In your use of the Website and/or Services you shall: comply with all applicable laws, regulations, directives and legislations which apply to your Use of the Website and/or Services in whatever country you are physically located including without limitation any and all consumer law, export control laws and regulations; provide to us true, correct and accurate information and promptly inform us in the event that any information that you have provided to us changes or becomes inaccurate; notify Mondaq immediately of any circumstances where you have reason to believe that any Intellectual Property Rights or any other rights of any third party may have been infringed; co-operate with reasonable security or other checks or requests for information made by Mondaq from time to time; and at all times be fully liable for the breach of any of these Terms by a third party using your login details to access the Website and/or Services

however, you shall not: do anything likely to impair, interfere with or damage or cause harm or distress to any persons, or the network; do anything that will infringe any Intellectual Property Rights or other rights of Mondaq or any third party; or use the Website, Services and/or Content otherwise than in accordance with these Terms; use any trade marks or service marks of Mondaq or the Contributors, or do anything which may be seen to take unfair advantage of the reputation and goodwill of Mondaq or the Contributors, or the Website, Services and/or Content.

Mondaq reserves the right, in its sole discretion, to take any action that it deems necessary and appropriate in the event it considers that there is a breach or threatened breach of the Terms.

Mondaq’s Rights and Obligations

Unless otherwise expressly set out to the contrary, nothing in these Terms shall serve to transfer from Mondaq to you, any Intellectual Property Rights owned by and/or licensed to Mondaq and all rights, title and interest in and to such Intellectual Property Rights will remain exclusively with Mondaq and/or its licensors.

Mondaq shall use its reasonable endeavours to make the Website and Services available to you at all times, but we cannot guarantee an uninterrupted and fault free service.

Mondaq reserves the right to make changes to the services and/or the Website or part thereof, from time to time, and we may add, remove, modify and/or vary any elements of features and functionalities of the Website or the services.

Mondaq also reserves the right from time to time to monitor your Use of the Website and/or services.


The Content is general information only. It is not intended to constitute legal advice or seek to be the complete and comprehensive statement of the law, nor is it intended to address your specific requirements or provide advice on which reliance should be placed. Mondaq and/or its Contributors and other suppliers make no representations about the suitability of the information contained in the Content for any purpose. All Content provided "as is" without warranty of any kind. Mondaq and/or its Contributors and other suppliers hereby exclude and disclaim all representations, warranties or guarantees with regard to the Content, including all implied warranties and conditions of merchantability, fitness for a particular purpose, title and non-infringement. To the maximum extent permitted by law, Mondaq expressly excludes all representations, warranties, obligations, and liabilities arising out of or in connection with all Content. In no event shall Mondaq and/or its respective suppliers be liable for any special, indirect or consequential damages or any damages whatsoever resulting from loss of use, data or profits, whether in an action of contract, negligence or other tortious action, arising out of or in connection with the use of the Content or performance of Mondaq’s Services.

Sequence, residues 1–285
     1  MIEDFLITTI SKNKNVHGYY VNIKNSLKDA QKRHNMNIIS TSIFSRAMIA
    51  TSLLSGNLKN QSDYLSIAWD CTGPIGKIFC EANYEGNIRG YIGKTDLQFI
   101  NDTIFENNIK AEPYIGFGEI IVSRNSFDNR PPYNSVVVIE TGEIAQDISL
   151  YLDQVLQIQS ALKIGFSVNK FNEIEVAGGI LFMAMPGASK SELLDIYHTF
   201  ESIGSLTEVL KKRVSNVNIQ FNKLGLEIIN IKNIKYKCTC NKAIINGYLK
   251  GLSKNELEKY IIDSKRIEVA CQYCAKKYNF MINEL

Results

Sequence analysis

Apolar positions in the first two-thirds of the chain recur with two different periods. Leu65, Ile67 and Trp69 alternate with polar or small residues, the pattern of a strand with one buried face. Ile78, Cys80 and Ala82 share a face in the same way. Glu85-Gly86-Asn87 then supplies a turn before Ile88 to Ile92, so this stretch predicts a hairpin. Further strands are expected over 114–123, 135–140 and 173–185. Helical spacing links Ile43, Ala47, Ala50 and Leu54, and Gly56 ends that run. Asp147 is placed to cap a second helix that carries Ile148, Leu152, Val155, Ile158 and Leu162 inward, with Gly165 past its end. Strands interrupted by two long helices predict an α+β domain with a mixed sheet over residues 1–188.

Mondaq may alter or amend these Terms by amending them on the Website. By continuing to Use the Services and/or the Website after such amendment, you will be deemed to have accepted any amendment to these Terms.

These Terms shall be governed by and construed in accordance with the laws of England and Wales and you irrevocably submit to the exclusive jurisdiction of the courts of England and Wales to settle any dispute which may arise out of or in connection with these Terms. If you live outside the United Kingdom, English law shall apply only to the extent that English law shall not deprive you of any legal protection accorded in accordance with the law of the place where you are habitually resident ("Local Law"). In the event English law deprives you of any legal protection which is accorded to you under Local Law, then these terms shall be governed by Local Law and any dispute or claim arising out of or in connection with these Terms shall be subject to the non-exclusive jurisdiction of the courts where you are habitually resident.

You may print and keep a copy of these Terms, which form the entire agreement between you and Mondaq and supersede any other communications or advertising in respect of the Service and/or the Website.

No delay in exercising or non-exercise by you and/or Mondaq of any of its rights under or in connection with these Terms shall operate as a waiver or release of each of your or Mondaq’s right. Rather, any such waiver or release must be specifically granted in writing signed by the party granting it.

If any part of these Terms is held unenforceable, that part shall be enforced to the maximum extent permissible so as to give effect to the intent of the parties, and the Terms shall continue in full force and effect.

Mondaq shall not incur any liability to you on account of any loss or damage resulting from any delay or failure to perform all or any part of these Terms if such delay or failure is caused, in whole or in part, by events, occurrences, or causes beyond the control of Mondaq. Such events, occurrences or causes will include, without limitation, acts of God, strikes, lockouts, server and network failure, riots, acts of war, earthquakes, fire and explosions.

By clicking Register you state you have read and agree to our Terms and Conditions